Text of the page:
• Tag Archives Mardi Gras
  • ‘Emotions’ by Zoe Fellerer

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    "Emotions" ©2015 By Zoe Fellerer
    “Emotions” ©2015 By Zoe Fellerer

    Zoe Fellerer is a young artist from the Milwaukee, Wisconsin area and the daughter of the Mardi Gras photographer, Herb Fellerer.  Her piece “Emotions” is beautifully symbolic.  It is said that “the eye is the window to the soul” and her eye, stark in black and white in this work, sheds a rainbow of colored tears.

    Colors are often used to represent different emotions.  Green is related to envy and envy certainly can bring about tears.  Sadness is thought of as being a watery, teary-eyed blue.

    Yellow is often thought of as cowardly, but all experience fear.  Fear, when it cripples us from action, can bring us to our knees in tears.

    Reds and oranges represent a fiery rage.  Rage, when it burns within us, can bring us to tears.

    Purples are the color of royalty.  The kings and rulers of ancient times wore purple.  Those that rule over us are to do so in care and concern for those for which they care.  When it becomes ruling out of privilege, self-righteousness, or simply a love for power, those that rule bring oppression, grief, and sorrow to those over which they rule.  It is said that when Pilate, the ruler, had Jesus, the Messiah, brought before him:

    “1 Then Pilate therefore took Jesus, and scourged him. 2 And the soldiers platted a crown of thorns, and put it on his head, and they put on him a purple robe, 3 And said, Hail, King of the Jews! and they smote him with their hands. 4 Pilate therefore went forth again, and saith unto them, Behold, I bring him forth to you, that ye may know that I find no fault in him. 5 Then came Jesus forth, wearing the crown of thorns, and the purple robe. And Pilate saith unto them, Behold the man! 6 When the chief priests therefore and officers saw him, they cried out, saying, Crucify him,” (From John 19 in the King James version Bible)

    In His final moments of life before His crucifixion and resurrection, He wore a crown of thorns.  The crown was a representation of royalty yet it was a crown of pain and sorrow and He wore a robe of purple so show His royalty as He was condemned to crucifixion by His own people whom He had healed, loved, and forgave.

    The rainbow is said to have a been a sign that God gave to Noah after the Great Flood as a covenant to the earth that He would never again destroy the earth by flood.  Even so the death and resurrection of the Messiah was the sacrifice and sign of God’s love of His creation.  It was a commitment that Man could receive forgiveness of sin through that sacrifice of the Son of God.  The resurrection of His Son gave hope to mankind that we may, one day, participate in that resurrection.

    In the church, Mardi Gras follows the celebration of the Birth of Jesus Christ, the Messiah, and precedes the time of Lent when the celebration is set aside and the church prepares to honor the mourning of the Messiah’s death followed by the Easter celebration of His resurrection.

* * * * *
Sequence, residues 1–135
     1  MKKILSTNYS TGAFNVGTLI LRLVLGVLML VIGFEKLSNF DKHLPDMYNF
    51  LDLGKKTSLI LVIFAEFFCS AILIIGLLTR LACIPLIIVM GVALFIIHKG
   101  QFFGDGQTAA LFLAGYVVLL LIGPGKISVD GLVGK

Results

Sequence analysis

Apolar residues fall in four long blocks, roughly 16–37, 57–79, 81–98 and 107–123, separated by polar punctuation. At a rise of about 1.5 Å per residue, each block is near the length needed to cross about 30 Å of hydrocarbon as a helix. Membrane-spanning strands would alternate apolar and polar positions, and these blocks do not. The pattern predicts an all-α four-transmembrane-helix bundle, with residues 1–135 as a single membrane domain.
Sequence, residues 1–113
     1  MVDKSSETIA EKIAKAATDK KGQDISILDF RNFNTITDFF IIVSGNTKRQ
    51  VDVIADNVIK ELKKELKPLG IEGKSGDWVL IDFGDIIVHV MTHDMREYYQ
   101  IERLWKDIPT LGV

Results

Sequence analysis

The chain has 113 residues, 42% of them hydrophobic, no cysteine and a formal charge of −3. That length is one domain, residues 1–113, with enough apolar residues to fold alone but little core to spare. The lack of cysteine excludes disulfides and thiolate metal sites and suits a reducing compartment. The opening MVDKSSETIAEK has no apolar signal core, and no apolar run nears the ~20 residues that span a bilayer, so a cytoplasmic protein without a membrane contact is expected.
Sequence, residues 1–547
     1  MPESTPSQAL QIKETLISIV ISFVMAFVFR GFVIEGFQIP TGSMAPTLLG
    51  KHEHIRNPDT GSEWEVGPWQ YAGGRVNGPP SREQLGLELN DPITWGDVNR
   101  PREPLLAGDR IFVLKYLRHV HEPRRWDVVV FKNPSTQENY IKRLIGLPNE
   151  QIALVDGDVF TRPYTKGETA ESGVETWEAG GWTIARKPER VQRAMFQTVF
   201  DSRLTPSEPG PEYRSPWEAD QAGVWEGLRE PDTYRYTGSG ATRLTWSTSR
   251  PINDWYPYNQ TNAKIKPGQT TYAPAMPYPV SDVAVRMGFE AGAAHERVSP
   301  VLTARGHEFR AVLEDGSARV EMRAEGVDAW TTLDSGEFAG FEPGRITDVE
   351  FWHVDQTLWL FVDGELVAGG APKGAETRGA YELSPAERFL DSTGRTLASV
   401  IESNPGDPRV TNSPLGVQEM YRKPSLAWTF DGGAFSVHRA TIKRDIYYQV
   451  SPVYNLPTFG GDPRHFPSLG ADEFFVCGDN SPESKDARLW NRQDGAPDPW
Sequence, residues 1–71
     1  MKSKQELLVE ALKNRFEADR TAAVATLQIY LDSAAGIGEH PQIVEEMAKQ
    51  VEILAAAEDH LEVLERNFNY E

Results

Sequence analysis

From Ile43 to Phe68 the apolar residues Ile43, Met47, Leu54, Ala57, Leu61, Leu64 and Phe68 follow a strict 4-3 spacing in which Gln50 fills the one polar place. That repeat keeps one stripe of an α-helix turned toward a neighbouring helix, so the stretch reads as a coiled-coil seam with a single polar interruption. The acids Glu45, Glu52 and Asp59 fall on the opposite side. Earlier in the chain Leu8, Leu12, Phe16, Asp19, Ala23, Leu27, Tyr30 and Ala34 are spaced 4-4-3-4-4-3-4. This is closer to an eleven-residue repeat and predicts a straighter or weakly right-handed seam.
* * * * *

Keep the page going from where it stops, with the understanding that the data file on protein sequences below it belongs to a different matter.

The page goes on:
Ms. Fellerer’s work of art is both a beautiful representation of the rainbow of emotions that bring sorrow and yet a reminder that in that rainbow of sorrow, God promises the Son will rise again and the light of His love will shine in our hearts as we welcome Him in.

    Many thanks to Zoe Fellerer for this beautiful work of art and may the many colors of our sorrows in this Mardi Gras season be turned to joy.

    For more about National Art Examiner, Pastor John N. Collins, find him on TwitterInstagram, Youtube, and Facebook.  Be sure to let him know your thoughts on his articles!

  • Featured ImageMardi Gras 2015: The sign of the Moon Pie

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    Evelyn "Champagne" King performing at Moon Pie over Mobile
    Evelyn “Champagne” King performing at Moon Pie over Mobile

    All over the world the ending of the old year and the coming of the new year is celebrated.  In Mobile, Alabama where they held the first Mardi Gras parade in the Americas, Mobilians celebrate the New Year with their favorite Mardi Gras throw at the Moon Pie over Mobile.

    The Moon Pie was created in 1917 at the suggestion of a hungry Kentucky coal miner, but it is also a great pick me up for a hungry, Mardi Gras photographer!  It is a delicious treat made with two cookies sandwiching marshmallow and then coated with flavored candy coating.  The original Moonpie was chocolate but they now there are several flavors including salted caramel.

    Remnants of the Worlds Largest Moon Pie at Moon Pie over Mobile
    Remnants of the Worlds Largest Moon Pie at Moon Pie over Mobile

    Mobilians are so in love with the Moon Pie that, instead of dropping a ball to announce New Years Day, they drop a 12 foot Moon Pie.  During the hours leading up to the dropping of the Moon Pie they also serve up the largest Moon Pie in the world to everyone that comes by for a sample.

    Stephen Fante and Moon Pie Moonshine at Moon Pie over Mobile
    Stephen Fante and Moon Pie Moonshine at Moon Pie over Mobile

    This year, folks from the Limestone Branch Distillery in Kentucky came down with their new taste treat geared strictly for the adult Moon Pie lovers, Moon Pie Moonshine.  Moon Pie Moonshine is 50 proof or so, and is flavored with the taste of Moon Pie.  It comes in chocolate, banana, and vanilla Moon Pie flavors but with a Mardi Gras Moonshine kick.

    Paul Beam and Moon Pie Moonshine at Moon Pie over Mobile
    Paul Beam and Moon Pie Moonshine at Moon Pie over Mobile

    Moon Pie Moonshine is distilled by Kentucky’s Limestone Branch Distillery in Lebanon, Kentucky by Paul and Steve Beam.  They are descendants of Case Minor Beam and Steve was on the show “Moonshiners.”  They are following the traditional distilling of their ancestors, while also innovating with products such as their Moon Pie Moonshine.

    The Village People performing at Moon Pie over Mobile
    The Village People performing at Moon Pie over Mobile

    In addition to Moon Pies and moonshine, the Mobile New Year’s Eve celebration had music throughout the evening with The Village People headlining the series.  So with music, moonshine, and Moon Pies, Mobile rings in the new year and the 2015 Mardi Gras season.  Tomorrow, January 3, 2014, the Go Daddy Bowl Mardi Gras parade, featuring Danica Patrick, will be rolling on the streets of Mobile and Sunday is the Go Daddy Bowl.

    Laissez les bon temps rouler! – Let the good times roll!

    For more about John N. Collins, find him on TwitterInstagram, Youtube, and Facebook.  Be sure to let him know your thoughts on his articles!

  • A pearl and a gold nugget on the Gulf Coast